Joyce's Reviews > Room for Two

Room for Two by Abel Keogh
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Jul 18, 2008

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bookshelves: non-fiction
Recommended to Joyce by: Candace Salima
Read in July, 2008

Please take this, not as a criticism, but as a mere comment about this book: If you are a “sensitive” reader, you might find the first three chapters of **Room for Two** a bit disturbing. Admittedly, I did myself (because I’m a “sensitive reader”).

That is by no means to say that there is not much of great value in Abel Keogh’s retelling of his journey to understand the reasons for his wife’s suicide, his struggles to forgive both her and himself for opportunities missed, and his difficult journey to find healing, peace and eventually, new love.

Because Keogh chooses to tell his story almost in novel fashion, rather than narrative, it is sometimes easy to forget that one is reading a “true story” and not a work of fiction. Swept along by the story, I frequently had to pause and remind myself that the experiences “Abel” was going through had happened to an actual, living, breathing person, and not to a character of fiction. The reminder is important, because that realization gives the book a whole different impact. In fact, the very incidents that disturbed me in the first three chapters, disturbed me **because** I knew they were “real” as opposed to “fictional”. A certain level of detachment usually comes with reading fiction. With that detachment stripped away, much of the opening became much more difficult for me, personally, to read.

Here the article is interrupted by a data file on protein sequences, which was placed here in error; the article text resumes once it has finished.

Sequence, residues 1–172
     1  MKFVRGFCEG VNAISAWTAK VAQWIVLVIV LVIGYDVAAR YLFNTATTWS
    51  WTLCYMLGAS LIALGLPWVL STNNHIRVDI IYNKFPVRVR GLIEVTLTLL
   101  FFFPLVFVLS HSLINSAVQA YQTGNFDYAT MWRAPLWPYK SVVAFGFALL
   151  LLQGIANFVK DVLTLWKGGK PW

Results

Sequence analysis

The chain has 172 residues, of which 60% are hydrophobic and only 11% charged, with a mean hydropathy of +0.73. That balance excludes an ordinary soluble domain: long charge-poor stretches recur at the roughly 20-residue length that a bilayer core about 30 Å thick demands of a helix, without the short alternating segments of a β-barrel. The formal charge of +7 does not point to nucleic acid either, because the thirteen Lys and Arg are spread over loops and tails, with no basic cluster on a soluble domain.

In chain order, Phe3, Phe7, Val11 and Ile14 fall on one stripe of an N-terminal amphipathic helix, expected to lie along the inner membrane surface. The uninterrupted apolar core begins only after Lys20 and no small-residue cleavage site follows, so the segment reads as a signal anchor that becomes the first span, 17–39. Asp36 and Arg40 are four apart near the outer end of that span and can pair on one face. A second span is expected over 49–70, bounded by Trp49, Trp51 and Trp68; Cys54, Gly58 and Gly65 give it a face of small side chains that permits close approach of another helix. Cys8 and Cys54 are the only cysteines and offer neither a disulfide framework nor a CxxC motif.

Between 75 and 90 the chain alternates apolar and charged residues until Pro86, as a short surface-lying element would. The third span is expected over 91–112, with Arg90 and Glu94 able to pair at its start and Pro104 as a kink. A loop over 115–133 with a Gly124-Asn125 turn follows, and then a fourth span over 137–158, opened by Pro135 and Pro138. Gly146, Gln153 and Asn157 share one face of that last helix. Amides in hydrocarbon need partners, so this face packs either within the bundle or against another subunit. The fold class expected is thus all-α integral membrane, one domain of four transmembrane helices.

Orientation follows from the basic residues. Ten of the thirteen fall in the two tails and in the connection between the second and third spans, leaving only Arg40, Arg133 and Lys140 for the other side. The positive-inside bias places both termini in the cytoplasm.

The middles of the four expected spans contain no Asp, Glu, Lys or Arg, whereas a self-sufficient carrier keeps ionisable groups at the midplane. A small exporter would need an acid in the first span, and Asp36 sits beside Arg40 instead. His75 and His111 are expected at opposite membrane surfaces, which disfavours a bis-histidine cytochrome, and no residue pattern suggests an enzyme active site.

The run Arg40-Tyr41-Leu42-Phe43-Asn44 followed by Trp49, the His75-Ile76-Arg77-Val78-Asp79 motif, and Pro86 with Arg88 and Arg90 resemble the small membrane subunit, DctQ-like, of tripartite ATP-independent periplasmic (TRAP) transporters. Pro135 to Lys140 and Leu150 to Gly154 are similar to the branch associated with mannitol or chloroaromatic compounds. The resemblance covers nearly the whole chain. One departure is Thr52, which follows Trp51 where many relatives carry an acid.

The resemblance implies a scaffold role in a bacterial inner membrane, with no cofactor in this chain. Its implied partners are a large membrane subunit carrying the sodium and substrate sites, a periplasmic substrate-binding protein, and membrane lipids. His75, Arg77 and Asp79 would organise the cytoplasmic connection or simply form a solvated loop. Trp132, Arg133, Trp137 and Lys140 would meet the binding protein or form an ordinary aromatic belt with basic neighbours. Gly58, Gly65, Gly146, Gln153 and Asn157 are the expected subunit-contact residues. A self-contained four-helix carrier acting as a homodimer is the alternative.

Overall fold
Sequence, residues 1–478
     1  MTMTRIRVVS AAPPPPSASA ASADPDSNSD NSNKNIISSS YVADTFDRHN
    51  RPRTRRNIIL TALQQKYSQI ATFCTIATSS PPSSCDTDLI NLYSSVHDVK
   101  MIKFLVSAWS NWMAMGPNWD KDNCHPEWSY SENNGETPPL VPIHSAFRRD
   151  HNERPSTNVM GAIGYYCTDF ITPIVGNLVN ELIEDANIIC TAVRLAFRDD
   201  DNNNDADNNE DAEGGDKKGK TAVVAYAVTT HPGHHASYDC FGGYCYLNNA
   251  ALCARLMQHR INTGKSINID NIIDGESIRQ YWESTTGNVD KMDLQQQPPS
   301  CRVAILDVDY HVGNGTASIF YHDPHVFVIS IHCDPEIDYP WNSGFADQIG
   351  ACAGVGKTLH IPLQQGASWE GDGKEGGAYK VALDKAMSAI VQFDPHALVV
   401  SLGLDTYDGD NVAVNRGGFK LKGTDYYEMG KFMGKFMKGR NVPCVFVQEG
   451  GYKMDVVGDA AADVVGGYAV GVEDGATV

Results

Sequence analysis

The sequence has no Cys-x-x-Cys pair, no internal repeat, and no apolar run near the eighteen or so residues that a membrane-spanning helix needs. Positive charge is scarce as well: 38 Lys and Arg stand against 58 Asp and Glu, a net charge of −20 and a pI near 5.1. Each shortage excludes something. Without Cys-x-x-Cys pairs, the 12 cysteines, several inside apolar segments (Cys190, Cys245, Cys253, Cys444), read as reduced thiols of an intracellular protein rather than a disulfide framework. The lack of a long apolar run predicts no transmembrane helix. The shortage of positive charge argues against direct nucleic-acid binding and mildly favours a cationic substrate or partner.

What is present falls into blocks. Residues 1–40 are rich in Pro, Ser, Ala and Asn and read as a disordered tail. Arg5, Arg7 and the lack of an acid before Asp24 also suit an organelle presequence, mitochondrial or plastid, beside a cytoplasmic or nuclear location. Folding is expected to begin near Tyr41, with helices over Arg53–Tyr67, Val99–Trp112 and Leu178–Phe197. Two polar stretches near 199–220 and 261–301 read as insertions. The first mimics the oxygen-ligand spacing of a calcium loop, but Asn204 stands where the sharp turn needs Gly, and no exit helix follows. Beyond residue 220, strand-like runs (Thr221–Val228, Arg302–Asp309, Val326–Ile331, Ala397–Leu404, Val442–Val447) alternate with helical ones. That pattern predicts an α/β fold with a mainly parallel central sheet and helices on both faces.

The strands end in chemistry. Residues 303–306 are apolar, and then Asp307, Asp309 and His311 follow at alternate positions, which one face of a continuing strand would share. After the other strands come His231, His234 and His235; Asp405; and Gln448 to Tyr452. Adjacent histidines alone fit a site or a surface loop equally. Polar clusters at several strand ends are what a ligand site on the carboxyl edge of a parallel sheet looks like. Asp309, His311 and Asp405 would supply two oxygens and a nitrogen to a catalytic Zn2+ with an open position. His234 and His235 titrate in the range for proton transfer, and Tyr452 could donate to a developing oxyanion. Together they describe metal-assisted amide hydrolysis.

Another difference: novels often tend to try to tie up difficult questions with easy answers. “Real life” is much more messy, and sometimes, there are questions that, quite simply, can never be answered. Keogh ultimately faces the “unanswerable” with honesty and faith.

This book should give readers new insights into an often overlooked segment of society. Divorces are so common, we are often quick to empathize with one side or the other. But a young widower of twenty-six? Keogh addresses the subject of awkward, well-meaning friends and family members seeking to help him “move on”, or perhaps worse, in all too many cases to “hold back”. He also faces the challenge of a potential new love who finds herself struggling to overcome the “ghost” of the woman he lost, not by choice (as too often happens in a divorce), but by an unexpected death. A woman he was still deeply in love with when the tragedy happened.

Eventually, Keogh learns how to make “room for two” in his heart, and puts at rest his new love’s fears.

The struggles he goes through should open all our eyes to anyone working their way through a similar experience, and make us more compassionate, less judgmental, and more understanding of how we can be supportive (rather than awkward) towards someone facing this kind of suffering.

In the end, however, **Room for Two** is not about suffering, but about hope. I recommend this book for the new insights you will gain while reading it. But if you’re a “sensitive reader”, you might want to gloss through the first three chapters, and dive in around Chapter 4.
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